Tải bản đầy đủ
5 Case Study 2: JWD Consulting's Project Management Intranet Site Project (Agile Approach)

5 Case Study 2: JWD Consulting's Project Management Intranet Site Project (Agile Approach)

Tải bản đầy đủ

www.downloadslide.com
$IBQUFS

106

¥$FOHBHF-FBSOJOH

FIGURE 3-4

+8%$POTVMUJOHJOUSBOFUTJUFQSPKFDUCBTFMJOF(BOUUDIBSU

to work more hours each week on those tasks, if required, to complete them on time.
Figure 3-4 shows the resulting Gantt chart created in Microsoft Project. Only the executing tasks are expanded to show the subtasks under that category. (You will learn how to
use Project 2013 in Appendix A. Chapter 6, Project Time Management, explains Gantt
charts and other time management tools.)
The baseline schedule projects a completion date of November 1. Also notice that
there is only one delivery of the software, shown as a milestone near the end of the project, on October 17. The project charter had a planned completion date of November 4.
Erica wanted to complete the project on time, and although three extra days was not
much of a buffer, she felt the baseline schedule was realistic. She would do her best to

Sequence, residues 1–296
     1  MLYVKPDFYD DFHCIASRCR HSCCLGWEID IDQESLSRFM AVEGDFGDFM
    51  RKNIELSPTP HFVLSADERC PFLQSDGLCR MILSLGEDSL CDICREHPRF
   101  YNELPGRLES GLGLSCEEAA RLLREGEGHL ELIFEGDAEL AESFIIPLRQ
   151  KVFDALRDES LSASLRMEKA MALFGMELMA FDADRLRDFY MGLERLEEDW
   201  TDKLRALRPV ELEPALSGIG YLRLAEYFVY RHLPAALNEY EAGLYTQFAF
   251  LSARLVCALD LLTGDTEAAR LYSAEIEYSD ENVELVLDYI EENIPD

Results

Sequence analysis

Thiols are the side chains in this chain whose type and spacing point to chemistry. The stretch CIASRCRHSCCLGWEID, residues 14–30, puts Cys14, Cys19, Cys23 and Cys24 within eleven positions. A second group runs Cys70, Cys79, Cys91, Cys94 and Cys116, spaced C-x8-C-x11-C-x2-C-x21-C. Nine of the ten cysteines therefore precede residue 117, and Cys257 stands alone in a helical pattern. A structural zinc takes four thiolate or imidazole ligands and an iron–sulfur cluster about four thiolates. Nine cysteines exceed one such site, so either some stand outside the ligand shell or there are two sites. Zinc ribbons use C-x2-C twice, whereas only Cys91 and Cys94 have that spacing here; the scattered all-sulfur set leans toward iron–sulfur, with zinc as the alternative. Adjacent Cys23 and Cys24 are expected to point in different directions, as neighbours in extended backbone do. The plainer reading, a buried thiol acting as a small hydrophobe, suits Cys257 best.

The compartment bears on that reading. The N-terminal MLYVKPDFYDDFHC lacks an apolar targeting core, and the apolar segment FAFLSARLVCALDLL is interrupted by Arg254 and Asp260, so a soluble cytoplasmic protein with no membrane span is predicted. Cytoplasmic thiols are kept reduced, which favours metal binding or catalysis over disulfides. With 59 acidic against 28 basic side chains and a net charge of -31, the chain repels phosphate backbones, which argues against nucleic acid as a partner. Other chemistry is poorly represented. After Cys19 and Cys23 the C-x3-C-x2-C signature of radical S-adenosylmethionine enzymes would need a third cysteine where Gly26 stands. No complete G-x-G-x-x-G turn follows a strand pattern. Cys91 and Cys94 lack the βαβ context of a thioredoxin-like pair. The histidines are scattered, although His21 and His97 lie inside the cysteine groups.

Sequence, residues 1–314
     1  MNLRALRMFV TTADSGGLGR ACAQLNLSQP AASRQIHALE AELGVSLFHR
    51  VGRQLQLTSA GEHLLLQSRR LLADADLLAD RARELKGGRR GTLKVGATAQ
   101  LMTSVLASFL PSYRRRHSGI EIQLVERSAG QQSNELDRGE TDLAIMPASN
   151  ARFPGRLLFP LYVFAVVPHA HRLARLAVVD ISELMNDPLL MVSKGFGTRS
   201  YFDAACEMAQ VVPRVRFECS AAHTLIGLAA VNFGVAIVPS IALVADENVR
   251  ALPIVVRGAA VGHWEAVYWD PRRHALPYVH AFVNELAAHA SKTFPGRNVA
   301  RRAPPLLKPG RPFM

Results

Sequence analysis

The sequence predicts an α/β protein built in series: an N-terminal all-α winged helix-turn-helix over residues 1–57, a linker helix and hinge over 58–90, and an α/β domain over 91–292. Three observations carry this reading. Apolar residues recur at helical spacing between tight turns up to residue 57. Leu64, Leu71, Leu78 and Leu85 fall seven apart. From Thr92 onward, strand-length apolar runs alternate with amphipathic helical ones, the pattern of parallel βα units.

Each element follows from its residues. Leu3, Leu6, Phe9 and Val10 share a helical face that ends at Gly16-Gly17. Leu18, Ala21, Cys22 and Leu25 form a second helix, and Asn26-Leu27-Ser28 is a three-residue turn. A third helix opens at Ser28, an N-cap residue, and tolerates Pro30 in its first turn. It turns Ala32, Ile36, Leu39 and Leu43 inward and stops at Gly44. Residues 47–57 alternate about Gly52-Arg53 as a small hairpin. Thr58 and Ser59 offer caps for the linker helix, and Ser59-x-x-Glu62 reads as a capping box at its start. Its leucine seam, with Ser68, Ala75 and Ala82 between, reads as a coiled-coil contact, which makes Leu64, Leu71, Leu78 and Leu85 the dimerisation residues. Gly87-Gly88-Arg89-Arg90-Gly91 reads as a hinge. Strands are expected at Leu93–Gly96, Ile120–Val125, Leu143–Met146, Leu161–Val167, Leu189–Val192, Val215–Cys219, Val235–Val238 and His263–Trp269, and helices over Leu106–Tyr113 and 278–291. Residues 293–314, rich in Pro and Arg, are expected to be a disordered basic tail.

help everyone meet their deadlines.
Erica decided to enter the resource and cost information after reviewing the
schedule because the majority of the costs for this project were internal labor.
Aware of the connection between time spent and cost on the project, the team kept
its labor hour constraints in mind when developing task duration estimates. Erica
and Jessie entered each project team member’s name and labor rate in the resource
sheet for their Microsoft Project file. The client representatives were not being
paid for their time, so she left their labor rates at the default value of zero. Erica
had also included $10,000 for procurement in the financial analysis she prepared
for the business case. She showed Jessie how to enter that amount as a fixed cost
split equally between the Ask the Expert and User Requests features, because she
thought they would have to purchase external software and services for those. Erica
then helped Jessie assign resources to tasks, which involved entering the projected
number of hours everyone planned to work each week on each task. They then ran
several cost reports and made a few minor adjustments to resource assignments to
make their planned total cost meet their budget constraints. Their cost baseline was
very close to their planned budget of $140,000.

Copyright 2016 Cengage Learning. All Rights Reserved. May not be copied, scanned, or duplicated, in whole or in part. Due to electronic rights, some third party content may be suppressed from the eBook and/or eChapter(s).
Editorial review has deemed that any suppressed content does not materially affect the overall learning experience. Cengage Learning reserves the right to remove additional content at any time if subsequent rights restrictions require it.